They way things show up for us(what one believes happened) is not equivalent to the way things are(what happened). Word use matters. The term "truth" has many accepted uses. Some lead to confusion/conflation, and some do not.



    ...I think this wider topic of truth/belief/opinion may not be as simple as it appears on the surface. And while I'd concede that they shouldn't be purposely conflated, it is often hard to completely disentangle them...

    The wider topic of truth, belief, and opinion is actually more complex on it's surface as a result of so many people conflating them, along with fact. Word use matters.
  • creativesoul
    8.3k
    Why assume facts are of any relevance to a politicians?Tomseltje

    Why assume that they aren't?

    They clearly are, otherwise they wouldn't neglect to speak about the ones they find damaging, and openly espouse the one's they find helpful...
  • creativesoul
    8.3k
    I've always considered Guiliani to be a typical Republican bullshitter. I used to think the Left was different - at least slightly more truthful and compassionate, etc. - but not so much anymore. Trump has turned us into a bunch of freaking loons. We now (e.g.) enthusiastically support global free trade after his proposed tariffs, we take a bellicose nationalistic stance towards Russia, we ridicule the lower and middle classes, we place our trust in the FBI without any reservations, etc.Erik

    This is as aside, however, Trump has shown some flaws of American politics and culture(for that matter) to those capable of noticing. Most don't.

    Trump hasn't turned us into loons. Trump is not the problem. He is the result of long-standing ones. Unfortunately, I have little hope that those problems will ever become believed or known by enough people for the right kinds of change to take place. American culture has long glorified all sorts of things that are damaging to the great experiment, while condemning all sorts of things that are essential to it's long-term success. In short, there are not enough people on the same page to fix what needs fixed. Given the influence of money on American government, *ahem*... the affects/effects of legitimized bribery... I'm not even sure that it's possible to get enough people on the same page...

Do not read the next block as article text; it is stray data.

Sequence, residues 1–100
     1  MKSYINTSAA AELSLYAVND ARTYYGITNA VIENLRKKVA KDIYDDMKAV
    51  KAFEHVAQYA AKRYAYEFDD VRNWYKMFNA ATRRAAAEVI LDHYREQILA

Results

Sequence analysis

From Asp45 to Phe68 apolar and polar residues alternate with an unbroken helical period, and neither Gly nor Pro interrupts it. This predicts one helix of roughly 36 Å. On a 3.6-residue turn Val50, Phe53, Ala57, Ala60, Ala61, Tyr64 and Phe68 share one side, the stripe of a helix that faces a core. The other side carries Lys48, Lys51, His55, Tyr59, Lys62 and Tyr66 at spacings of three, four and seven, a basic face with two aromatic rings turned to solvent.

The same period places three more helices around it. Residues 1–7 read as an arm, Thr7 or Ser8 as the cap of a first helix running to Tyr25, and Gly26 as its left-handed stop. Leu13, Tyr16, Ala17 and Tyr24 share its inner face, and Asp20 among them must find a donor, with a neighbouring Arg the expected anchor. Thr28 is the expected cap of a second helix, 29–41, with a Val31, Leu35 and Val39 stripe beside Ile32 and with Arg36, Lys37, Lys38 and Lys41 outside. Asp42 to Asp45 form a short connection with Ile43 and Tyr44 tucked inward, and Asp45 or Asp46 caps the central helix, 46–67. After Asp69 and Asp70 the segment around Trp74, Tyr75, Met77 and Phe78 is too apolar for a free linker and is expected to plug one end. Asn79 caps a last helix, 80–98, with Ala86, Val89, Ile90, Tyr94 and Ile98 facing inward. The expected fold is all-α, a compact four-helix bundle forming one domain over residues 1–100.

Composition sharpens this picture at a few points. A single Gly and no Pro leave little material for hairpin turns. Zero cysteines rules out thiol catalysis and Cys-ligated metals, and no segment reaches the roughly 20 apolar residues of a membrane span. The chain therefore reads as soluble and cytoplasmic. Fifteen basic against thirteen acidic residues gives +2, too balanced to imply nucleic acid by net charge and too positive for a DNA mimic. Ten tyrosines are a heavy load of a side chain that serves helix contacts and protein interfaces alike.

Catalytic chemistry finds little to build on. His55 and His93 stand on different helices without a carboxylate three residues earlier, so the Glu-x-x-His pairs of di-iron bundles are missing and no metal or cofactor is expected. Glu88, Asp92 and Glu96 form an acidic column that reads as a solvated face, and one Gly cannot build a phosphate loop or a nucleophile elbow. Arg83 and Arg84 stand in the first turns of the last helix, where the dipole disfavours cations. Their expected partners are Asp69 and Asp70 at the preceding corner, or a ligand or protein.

More to the point of the thread...

    The confusion of fact and opinion is fostered by so many people using the terms "fact", "opinion", "truth", and "belief" as synonyms for one another. "Your truth", "my truth", "his truth", "her truth":Phrases such as these, while often used for admirable purposes, are damaging to one's understanding of themselves and the world. They do no justice to the ideal of accepting different beliefs, values, and preferences.

    Conflating fact, opinion, truth, and belief results in the utter incapability of knowing what to believe, who to believe, and why one ought believe. Some public schools have curriculums which actuslly teach this sort of conflation. It's really sad...

    Many, if not most, Americans will believe just about anything that people/politicians they agree with on some matters say about other matters. Amongst other reasons, that is a direct result of not knowing what sorts of things can be true and what makes them so:The inevitable consequence of the aforementioned conflations...
  • Tomseltje
    215
    Why assume that they aren't?

    They clearly are, otherwise they wouldn't neglect to speak about the ones they find damaging, and openly espouse the one's they find helpful...
    creativesoul

    Well, perhaps they are not totally irrelevant to a politicians, my remark was a reference to the tendency of a politicians to consider facts way less important than public opinion. So sure, if a fact influences or can influence public opinion, then it becomes important to a politicians. However, the point is, that if the fact has no possible influence on the public opinion (for instance when it's a secret, or too complicated to understand by most people, or just doesn't get attention from the public) a politicians usually doesn't seem interested in it at all.